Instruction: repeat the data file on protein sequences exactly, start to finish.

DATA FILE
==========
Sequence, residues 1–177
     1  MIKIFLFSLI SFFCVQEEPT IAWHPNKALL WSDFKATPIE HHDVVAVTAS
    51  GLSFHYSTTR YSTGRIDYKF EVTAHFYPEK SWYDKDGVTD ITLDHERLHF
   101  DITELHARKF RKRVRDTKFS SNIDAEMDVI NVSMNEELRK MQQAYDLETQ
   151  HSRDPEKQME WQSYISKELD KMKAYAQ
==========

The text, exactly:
Sequence, residues 1–177
     1  MIKIFLFSLI SFFCVQEEPT IAWHPNKALL WSDFKATPIE HHDVVAVTAS
    51  GLSFHYSTTR YSTGRIDYKF EVTAHFYPEK SWYDKDGVTD ITLDHERLHF
   101  DITELHARKF RKRVRDTKFS SNIDAEMDVI NVSMNEELRK MQQAYDLETQ
   151  HSRDPEKQME WQSYISKELD KMKAYAQ